The use of It's Perfectly Normal as a rhetorical tool caught on among Bowers' colleagues. In early December, State Representative Kern mentioned the book during a Tea Party event held at a Denny's restaurant. Kern's characterization of the book deviated even further from the truth.
Comparing It's Perfectly Normal to online pornography, Kern falsely claimed that Democrats want to teach the book to kindergartners.
"Do you want LGBTQ rights to take over?" he said. "You want your kids being taught sex education — that you pull up a computer right now — I can pull up, you know, Pornhub.com ... I could pull it up and show you anything on that porn site is what is going to be taught to your kids, your little kindergartners," he said in audio recorded and posted to YouTube by a liberal Super PAC.
In response to questions from New Times, Kern said: "Books like It's Perfectly Normal will be given to children as young as 10 years old under the comprehensive sex education curricula being pushed by Planned Parenthood, Superintendent Hoffman, and others."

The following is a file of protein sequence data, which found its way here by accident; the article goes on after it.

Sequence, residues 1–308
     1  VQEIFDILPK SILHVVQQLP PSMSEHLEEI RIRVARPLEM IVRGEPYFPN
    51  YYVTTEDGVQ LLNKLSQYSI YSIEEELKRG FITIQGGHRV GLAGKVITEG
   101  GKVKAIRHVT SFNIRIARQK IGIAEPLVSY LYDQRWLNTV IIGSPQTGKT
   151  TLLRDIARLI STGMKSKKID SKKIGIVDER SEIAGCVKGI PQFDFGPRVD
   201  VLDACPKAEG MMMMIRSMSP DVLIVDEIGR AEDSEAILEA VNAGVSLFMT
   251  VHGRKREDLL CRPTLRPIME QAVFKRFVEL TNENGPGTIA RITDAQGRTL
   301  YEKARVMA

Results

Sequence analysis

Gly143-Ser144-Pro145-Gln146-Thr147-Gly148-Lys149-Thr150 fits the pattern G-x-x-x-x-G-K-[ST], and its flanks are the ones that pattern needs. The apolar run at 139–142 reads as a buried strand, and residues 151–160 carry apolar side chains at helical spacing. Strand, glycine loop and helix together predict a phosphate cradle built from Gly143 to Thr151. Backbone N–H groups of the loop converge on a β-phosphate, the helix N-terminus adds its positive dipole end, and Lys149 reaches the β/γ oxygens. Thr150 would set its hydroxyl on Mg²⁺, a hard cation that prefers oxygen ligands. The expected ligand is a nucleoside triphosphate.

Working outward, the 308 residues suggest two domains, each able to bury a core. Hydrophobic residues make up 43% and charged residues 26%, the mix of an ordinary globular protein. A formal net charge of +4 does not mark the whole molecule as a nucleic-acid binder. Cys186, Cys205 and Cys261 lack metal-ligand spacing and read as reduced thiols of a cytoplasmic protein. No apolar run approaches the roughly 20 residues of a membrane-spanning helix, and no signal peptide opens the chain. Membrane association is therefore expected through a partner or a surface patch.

Richie Taylor, a spokesperson for Hoffman, said there was "absolutely no truth" to Kern's claim.
Planned Parenthood of Arizona spokesperson Tayler Tucker said: "This is a book that Planned Parenthood Arizona recommends as an auxiliary resource for parents and families to help have conversations about sexuality at home, as it is factually accurate and age-appropriate. But this would never be ‘pushed’ on youth in a classroom or be a required piece of any recommended curriculum."
Democratic State Representative Andrés Cano, the youngest openly-LGBTQ legislator in Arizona, called for Kern to resign from his chairmanship of the House Rules Committee over his comments.
The Public Imagination
The indignation over It's Perfectly Normal in Arizona is an old story that has played out in many other communities.
Nora Pelizzari, a spokesperson for the New York-based National Coalition Against Censorship (NCAC), said her organization often intervenes in attempts to censor It's Perfectly Normal. The book's author, Harris, even sits on the NCAC's board of directors.